The first job runs in a normal GitHub runner based on Ubuntu. For building the test firmware, Espressif provides a handy CI Action to do the heavy lifting.

The second job has a needs: build_for_hw_test requirement, meaning it must wait until the first job completes (i.e. firmware is built) before it can run.

The second job has two further requirements – it must run on self-hosted and there must be a label has_esp32s3. GitHub will dispatch the job to the first available self-hosted runner that meets the requirements.

If the workflow completes all jobs, and all steps return non-zero exit code, then everything has passed, and you get the green CI checkmark ✅.

Self-Hosted Runner Setup

With all of the major software pieces in place (FW test framework, Python runner script, and Actions workflow), the next step is to set up a machine as a self-hosted runner. Any machine capable of running one of the big 3 operating systems will do (Linux, Windows, MacOS).

It helps if the machine is always on and connected to the Internet, though that is not a requirement. GitHub will simply not dispatch jobs to any self-hosted runners that are not online.

Install System Dependencies

There are a few system dependencies that need to be installed first. On my Raspberry Pi, I had to install these:

sudo apt install \
    python3 python3-pip python3-dev python-dev \
    libffi-dev cmake direnv wget gcovr clang-format \
    libssl-dev git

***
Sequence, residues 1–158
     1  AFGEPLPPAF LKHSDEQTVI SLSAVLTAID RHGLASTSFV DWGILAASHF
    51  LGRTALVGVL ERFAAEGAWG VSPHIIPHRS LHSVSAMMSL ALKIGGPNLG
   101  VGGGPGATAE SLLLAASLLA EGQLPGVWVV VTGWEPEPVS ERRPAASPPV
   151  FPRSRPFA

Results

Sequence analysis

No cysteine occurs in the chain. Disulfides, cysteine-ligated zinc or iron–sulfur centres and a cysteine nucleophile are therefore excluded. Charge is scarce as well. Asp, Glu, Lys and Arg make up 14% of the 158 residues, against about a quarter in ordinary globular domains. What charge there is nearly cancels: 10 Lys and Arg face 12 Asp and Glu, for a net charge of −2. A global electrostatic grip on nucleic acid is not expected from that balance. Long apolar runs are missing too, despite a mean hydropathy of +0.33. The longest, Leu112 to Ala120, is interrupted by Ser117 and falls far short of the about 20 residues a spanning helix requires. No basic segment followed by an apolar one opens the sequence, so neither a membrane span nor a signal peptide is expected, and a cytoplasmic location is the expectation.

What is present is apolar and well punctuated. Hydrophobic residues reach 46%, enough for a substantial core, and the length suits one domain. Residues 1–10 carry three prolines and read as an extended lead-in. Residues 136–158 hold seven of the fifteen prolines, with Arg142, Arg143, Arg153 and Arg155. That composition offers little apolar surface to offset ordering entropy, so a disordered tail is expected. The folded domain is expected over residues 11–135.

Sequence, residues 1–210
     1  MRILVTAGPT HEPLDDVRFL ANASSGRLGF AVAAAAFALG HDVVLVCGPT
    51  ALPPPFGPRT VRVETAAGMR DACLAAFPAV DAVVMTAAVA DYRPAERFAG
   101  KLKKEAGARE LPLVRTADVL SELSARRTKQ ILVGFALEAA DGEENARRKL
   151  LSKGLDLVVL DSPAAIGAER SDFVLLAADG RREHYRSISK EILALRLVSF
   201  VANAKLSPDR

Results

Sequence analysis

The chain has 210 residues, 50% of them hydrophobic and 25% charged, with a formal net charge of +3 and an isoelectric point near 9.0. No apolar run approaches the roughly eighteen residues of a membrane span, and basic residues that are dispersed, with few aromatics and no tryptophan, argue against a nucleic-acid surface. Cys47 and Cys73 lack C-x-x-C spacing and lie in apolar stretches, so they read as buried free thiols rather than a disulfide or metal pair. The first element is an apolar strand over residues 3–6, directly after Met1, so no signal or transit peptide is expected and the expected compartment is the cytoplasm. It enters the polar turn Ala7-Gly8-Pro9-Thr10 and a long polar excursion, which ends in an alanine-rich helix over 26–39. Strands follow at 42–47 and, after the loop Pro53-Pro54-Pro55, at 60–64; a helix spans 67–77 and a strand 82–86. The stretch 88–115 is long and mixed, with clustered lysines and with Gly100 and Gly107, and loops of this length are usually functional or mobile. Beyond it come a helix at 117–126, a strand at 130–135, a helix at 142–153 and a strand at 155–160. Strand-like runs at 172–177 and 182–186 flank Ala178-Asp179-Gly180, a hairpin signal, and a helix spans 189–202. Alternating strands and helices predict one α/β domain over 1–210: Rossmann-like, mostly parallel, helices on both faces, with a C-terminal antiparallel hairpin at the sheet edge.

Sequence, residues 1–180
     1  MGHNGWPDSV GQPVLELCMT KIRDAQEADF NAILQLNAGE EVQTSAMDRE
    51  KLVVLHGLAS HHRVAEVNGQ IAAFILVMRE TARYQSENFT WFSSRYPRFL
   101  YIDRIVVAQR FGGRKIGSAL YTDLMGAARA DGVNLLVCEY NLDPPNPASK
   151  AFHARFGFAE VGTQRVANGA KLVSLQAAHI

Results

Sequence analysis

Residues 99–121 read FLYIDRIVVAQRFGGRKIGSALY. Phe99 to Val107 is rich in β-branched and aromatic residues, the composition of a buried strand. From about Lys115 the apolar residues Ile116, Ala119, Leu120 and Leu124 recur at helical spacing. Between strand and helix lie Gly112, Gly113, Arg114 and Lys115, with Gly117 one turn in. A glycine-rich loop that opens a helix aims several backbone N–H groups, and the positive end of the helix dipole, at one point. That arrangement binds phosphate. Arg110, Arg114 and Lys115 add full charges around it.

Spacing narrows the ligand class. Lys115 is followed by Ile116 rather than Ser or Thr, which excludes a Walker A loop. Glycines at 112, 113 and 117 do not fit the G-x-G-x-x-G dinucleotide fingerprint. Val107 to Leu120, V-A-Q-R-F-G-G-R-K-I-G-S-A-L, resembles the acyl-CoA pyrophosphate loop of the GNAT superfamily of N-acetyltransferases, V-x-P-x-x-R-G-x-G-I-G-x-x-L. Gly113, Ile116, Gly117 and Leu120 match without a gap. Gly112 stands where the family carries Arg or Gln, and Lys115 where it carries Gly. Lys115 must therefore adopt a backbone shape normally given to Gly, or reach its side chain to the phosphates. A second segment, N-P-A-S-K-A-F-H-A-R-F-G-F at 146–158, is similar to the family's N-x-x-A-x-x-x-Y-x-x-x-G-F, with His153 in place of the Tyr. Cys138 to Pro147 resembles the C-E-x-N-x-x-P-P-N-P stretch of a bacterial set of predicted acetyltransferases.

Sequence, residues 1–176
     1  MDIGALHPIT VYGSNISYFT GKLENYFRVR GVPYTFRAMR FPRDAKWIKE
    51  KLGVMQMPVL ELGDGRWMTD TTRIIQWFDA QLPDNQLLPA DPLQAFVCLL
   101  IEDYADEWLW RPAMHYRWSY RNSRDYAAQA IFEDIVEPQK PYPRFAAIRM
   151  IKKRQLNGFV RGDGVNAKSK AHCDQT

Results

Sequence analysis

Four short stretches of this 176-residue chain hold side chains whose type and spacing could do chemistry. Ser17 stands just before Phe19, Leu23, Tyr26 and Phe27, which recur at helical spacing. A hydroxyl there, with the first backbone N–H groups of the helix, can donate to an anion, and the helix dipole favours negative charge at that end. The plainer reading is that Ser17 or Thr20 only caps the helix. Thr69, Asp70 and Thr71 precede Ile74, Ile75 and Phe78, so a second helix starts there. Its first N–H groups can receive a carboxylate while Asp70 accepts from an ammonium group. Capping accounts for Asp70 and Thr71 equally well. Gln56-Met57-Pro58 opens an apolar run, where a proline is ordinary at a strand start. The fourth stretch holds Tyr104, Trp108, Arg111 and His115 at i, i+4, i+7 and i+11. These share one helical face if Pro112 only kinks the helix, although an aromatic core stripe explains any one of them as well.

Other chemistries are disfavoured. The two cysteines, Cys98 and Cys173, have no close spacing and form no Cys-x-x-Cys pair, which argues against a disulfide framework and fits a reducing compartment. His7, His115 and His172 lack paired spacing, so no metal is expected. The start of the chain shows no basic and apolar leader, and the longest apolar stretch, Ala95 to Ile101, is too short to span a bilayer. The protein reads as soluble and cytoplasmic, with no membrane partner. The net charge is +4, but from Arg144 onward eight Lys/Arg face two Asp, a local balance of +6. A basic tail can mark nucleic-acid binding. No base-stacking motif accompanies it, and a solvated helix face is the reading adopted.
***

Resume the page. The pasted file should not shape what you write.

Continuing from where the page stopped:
pip3 install pyserial

Next, log into GitHub and create a new self-hosted runner for your repo (Settings -> Actions -> Runners -> New self-hosted runner):

When you add a new self-hosted runner, GitHub will provide some very simple instructions to install the Actions service on your machine:

When I ran the config.sh line, I added --name and --unattended arguments:

./config.sh --url <https://github.com/golioth/golioth-esp-idf-sdk> --token XXXXXXXXXXXXXXXXXXXXXXXXXXXXX --name nicks-raspberry-pi --unattended

Next, install the service, which ensures GitHub can communicate with the self-hosted runner even if it reboots:

cd actions-runner
sudo ./svc.sh install

If there are any special environment variables needed when executing workflows, these can be added to runsvc.sh. For instance, I defined a variable for the serial port of the ESP32:

# insert anything to setup env when running as a service
export CI_ESP32_PORT=/dev/ttyUSB0

Finally, you can start the service:

sudo ./svc.sh start

And now you should see your self-hosted runner as “Idle” in GitHub Actions, meaning it is ready to accept jobs:

I added two custom labels to my runner: has_esp32s3 and has_nrf52840dk, to indicate that I have those two dev boards attached to my self-hosted runner. The workflow file uses these labels so that jobs get dispatched to self-hosted runners only if they have the required board.

And that’s it! With those steps, a basic HIL is up and running, integrated into CI, and covering a large amount of firmware code on real hardware.

Security

There’s an important note from GitHub regarding security of self-hosted runners:

Warning: We recommend that you only use self-hosted runners with private repositories. This is because forks of your repository can potentially run dangerous code on your self-hosted runner machine by creating a pull request that executes the code in a workflow.

I also stand by that recommendation. But it’s not always feasible if you’re maintaining an open-source project. Our SDKs are public, so this warning certainly applies to us.